Stories From Our Families - March Edition

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Imagine having Stage IV bile duct cancer and being the healthy one in your home.

That’s the position in which Kimberly Bell of Enola finds herself.

After seven months of telling her doctors about stomach pain and being unable to rest comfortably at night, Kim was diagnosed with cancer in July.

“It’s scary, very scary,” Kim, 52, said of her diagnosis.

But things were about to get worse. In October, her husband James, 56, unable to withstand pain from what he thought were allergies, drove himself to the emergency room in the middle of the night. By morning, he had been diagnosed with cancer of the larynx.

While he had been taking care of her, things quickly reversed.

He can’t swallow, he can’t talk and gets nourishment from a feeding tube. He has undergone radiation and chemotherapy, and his weight has plummeted from 180 to 124.

“So he’s worse than me,” Kim said, noting that his cancer is considered curable while hers is not.

But she is optimistic. She is undergoing chemotherapy, has just started on hemp oil and has been approved for medical marijuana.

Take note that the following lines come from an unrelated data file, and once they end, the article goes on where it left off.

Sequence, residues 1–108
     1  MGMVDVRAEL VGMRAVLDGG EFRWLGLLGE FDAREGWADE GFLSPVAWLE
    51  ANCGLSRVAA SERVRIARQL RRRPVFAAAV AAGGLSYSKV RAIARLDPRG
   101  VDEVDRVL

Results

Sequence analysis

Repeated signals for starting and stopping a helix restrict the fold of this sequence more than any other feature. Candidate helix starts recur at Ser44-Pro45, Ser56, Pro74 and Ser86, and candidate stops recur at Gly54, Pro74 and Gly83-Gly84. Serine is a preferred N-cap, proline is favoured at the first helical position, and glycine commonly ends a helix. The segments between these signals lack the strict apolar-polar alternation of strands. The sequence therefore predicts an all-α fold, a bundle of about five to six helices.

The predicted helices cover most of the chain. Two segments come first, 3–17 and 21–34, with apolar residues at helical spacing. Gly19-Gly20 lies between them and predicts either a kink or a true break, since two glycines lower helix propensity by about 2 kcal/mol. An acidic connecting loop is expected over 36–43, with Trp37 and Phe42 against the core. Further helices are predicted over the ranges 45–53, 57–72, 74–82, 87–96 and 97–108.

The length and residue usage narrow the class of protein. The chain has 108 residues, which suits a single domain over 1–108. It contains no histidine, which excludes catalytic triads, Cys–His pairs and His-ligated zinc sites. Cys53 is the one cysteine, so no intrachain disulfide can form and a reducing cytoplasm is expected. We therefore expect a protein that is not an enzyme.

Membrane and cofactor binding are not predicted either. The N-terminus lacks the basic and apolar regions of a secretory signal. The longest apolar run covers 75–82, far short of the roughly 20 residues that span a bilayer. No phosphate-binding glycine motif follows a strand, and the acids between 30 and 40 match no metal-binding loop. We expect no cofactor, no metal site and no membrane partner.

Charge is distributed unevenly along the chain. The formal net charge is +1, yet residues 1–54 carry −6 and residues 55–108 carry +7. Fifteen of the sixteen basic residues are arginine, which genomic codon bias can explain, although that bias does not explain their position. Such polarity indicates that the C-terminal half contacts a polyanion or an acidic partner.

People tell her she doesn’t look sick, and she’s determined to keep caring for her husband and their home as long as she can.

She arises every morning, showers, attends to her hair and makeup and tackles the tasks of the day, although she notes she needs frequent breaks to rest.

Fatigue is one of the side effect of her chemotherapy, along with numbness in her fingers and toes, mouth sores and the horrible taste that never seems to go away.

“But I’m not letting it hold me down,” she said. “I go to the store and I go shopping, but I’m in a lot of pain.”

Kim has one important secret weapon in her arsenal, a year-old grandson she calls “the love of my life.”

He is, she said, a big reason why she continues to fight as hard as she does.

The Bells spent most of their lives in Marysville and are surrounded by what she describes as a “huge, supportive family” that includes two sons, who are 32 and 30.

Due to their illnesses, neither of the Bells is able to work. They have found some financial relief from the Marysville Moose, which holds fundraisers on their behalf, and Vicki’s Angels, which has paid their rent and car payment.

Without that help, Kim said, “we would be in big trouble.”

The kindness and love expressed by the volunteers at Vicki’s Angels are a source of joy for Kim.

“They’re wonderful,” she said.

Despite what life has dumped on the Bells’ doorstep, Kim said she tries to laugh and remain busy.

“What am I supposed to do? I have to keep moving on,” she said. “There’s days that disappoint me, but I just smile and get through it.”

                                                 -written by Nancy Eshelman